PRISTINA, Serbia-Montenegro, Nov 20 (AFP) -
Kosovo Prime Minister Bajram Kosumi says he is sure talks on the status of the UN-run province starting with shuttle diplomacy on Monday will confirm its independence from Serbia.
"Practically, Kosovo has been functioning independently for six years and, with regard to relations with Serbia, it is already 100 percent independent," Kosumi said in an interview with AFP.
"Kosovo's legal status is still not defined and the negotiations are meant to define legally, together with the international community, Kosovo's independence," he said.
The UN-sponsored talks are aimed at resolving the status of Kosovo, which Belgrade lost authority over after a bombing campaign by NATO ended a crackdown by then Serbian leader Slobodan Milosevic's forces against ethnic Albanian rebels in June 1999.
Ethnic Albanians, who make up more than 90 percent of Kosovo's population, are demanding independence from Belgrade, which Serbs strongly oppose.
The recently appointed chief UN mediator for the talks, former Finnish president Martti Ahtisaari, is to visit Pristina on Monday, marking the start of the negotiations.
Ahtisaari's return to the Balkans comes six and a half years after he played an important role in convincing Milosevic to accept the presence of international authorities in the province after 78 days of NATO air strikes.
Kosumi, elected prime minister in March 2005 to replace Ramush Haradinaj who resigned after he was indicted for war crimes, told AFP that Belgrade and Pristina would have to find common ground on many things -- excluding independence.
"If it was left to Belgrade and Pristina to find common ground on Kosovo's final status, (the problem) would have been resolved 100 years ago. But this was impossible because of the political circumstances in Belgrade and it remains impossible," he said.
Kosumi said the two sides would "have to find a common language for many open questions; from the position of the Serb minority in Kosovo and its cultural and religious heritage to many problems in our relations generated in the past and which still influence our relations".
As there is no clear schedule for the talks, many analysts believe they will last long enough, with an intention to provide negotiators an opportunity to find a common solution on Kosovo's future.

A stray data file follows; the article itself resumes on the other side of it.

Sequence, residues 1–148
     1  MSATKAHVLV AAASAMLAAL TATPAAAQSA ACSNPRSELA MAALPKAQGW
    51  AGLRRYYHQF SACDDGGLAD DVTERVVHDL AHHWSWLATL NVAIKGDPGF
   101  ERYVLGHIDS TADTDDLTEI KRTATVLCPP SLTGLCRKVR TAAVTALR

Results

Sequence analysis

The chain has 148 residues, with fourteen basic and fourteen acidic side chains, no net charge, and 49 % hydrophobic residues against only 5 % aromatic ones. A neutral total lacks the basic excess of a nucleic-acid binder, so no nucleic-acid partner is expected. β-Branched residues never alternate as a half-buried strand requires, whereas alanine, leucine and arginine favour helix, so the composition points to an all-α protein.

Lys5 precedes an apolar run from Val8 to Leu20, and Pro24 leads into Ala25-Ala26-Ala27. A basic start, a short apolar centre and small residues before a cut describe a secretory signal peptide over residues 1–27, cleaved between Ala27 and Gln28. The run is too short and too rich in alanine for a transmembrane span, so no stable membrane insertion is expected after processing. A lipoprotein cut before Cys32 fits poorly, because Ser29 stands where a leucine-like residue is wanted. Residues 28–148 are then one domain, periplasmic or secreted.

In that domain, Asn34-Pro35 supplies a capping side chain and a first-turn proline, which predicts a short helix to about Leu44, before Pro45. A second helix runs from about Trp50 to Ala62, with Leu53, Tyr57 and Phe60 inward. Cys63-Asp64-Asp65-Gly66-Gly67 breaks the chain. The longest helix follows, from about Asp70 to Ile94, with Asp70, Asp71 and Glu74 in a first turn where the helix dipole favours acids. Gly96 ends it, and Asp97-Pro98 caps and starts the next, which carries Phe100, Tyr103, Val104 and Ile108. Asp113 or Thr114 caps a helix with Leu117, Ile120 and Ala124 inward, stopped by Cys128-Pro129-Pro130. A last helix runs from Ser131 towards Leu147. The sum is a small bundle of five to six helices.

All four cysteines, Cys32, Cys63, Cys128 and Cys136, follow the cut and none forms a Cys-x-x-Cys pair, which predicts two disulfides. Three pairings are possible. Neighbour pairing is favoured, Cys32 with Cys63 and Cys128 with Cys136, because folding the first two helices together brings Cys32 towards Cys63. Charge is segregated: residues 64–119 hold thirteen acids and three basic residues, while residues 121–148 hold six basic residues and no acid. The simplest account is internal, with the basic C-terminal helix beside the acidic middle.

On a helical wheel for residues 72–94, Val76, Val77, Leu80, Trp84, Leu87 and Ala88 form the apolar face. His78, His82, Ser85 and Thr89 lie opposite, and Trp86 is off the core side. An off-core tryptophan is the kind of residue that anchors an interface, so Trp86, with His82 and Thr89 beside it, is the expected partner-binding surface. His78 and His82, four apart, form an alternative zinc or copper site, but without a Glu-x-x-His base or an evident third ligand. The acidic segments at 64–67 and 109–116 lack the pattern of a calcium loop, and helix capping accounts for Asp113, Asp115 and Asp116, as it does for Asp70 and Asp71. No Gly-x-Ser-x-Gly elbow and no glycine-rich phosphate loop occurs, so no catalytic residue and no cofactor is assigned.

But Ahtisaari's new mission in the Balkans is expected to be more complicated than it was last time around.
The Finn will attempt to reconcile ethnic Albanians, who were oppressed during the Milosevic years, and Serbs, who say their claim to the province is based on historic and cultural roots dating back to the middle ages when few Albanians lived in the area.
But Kosumi said Serbian Prime Minister Vojislav Kostunica was "in a difficult position," although he insisted the solution for disputed Kosovo was "very easy."
"Belgrade has a chance to distance itself finally from the radical politics and the approach that over recent decades has pushed Serbia into endless wars and led to bloodshed all over the former Yugoslavia," he said.
Kostunica had to end this trend "in a revolutionary way, to free his nation from the burden of the past and offer a new opportunity to Serbia, Kosovo and all nations in the region that had suffered from Serbian politics," said Kosumi.
He insisted Kosovo Serbs should engage in the political life of Kosovo, saying their boycott of institutions and political processes "damages their interests."
"I call on Kosovo Serb politicians to think about their responsibilities towards their voters," Kosumi said.
Kosovo Serb politicians describe the situation in the province as insecure and dangerous for their community, notably since riots 18 months ago that seriously damaged their confidence with NATO-led security forces (KFOR) and the Albanian population.
During three days of violence in March 2004, 19 people were killed, nearly 900 were injured and an estimated 4,500 -- most of them Serbs -- were forced from their homes.
The violence, in which dozens of ancient Serbian Orthodox churches and monasteries were also demolished, was denounced by KFOR at the time as an attempt at "ethnic cleansing" by ethnic Albanians.
But Kosumi said: "Kosovo Serbs have no other future except the one in Kosovo. Wherever they go, to Serbia or somewhere else, they will have a tougher time than here. Kosovo is their home and their future."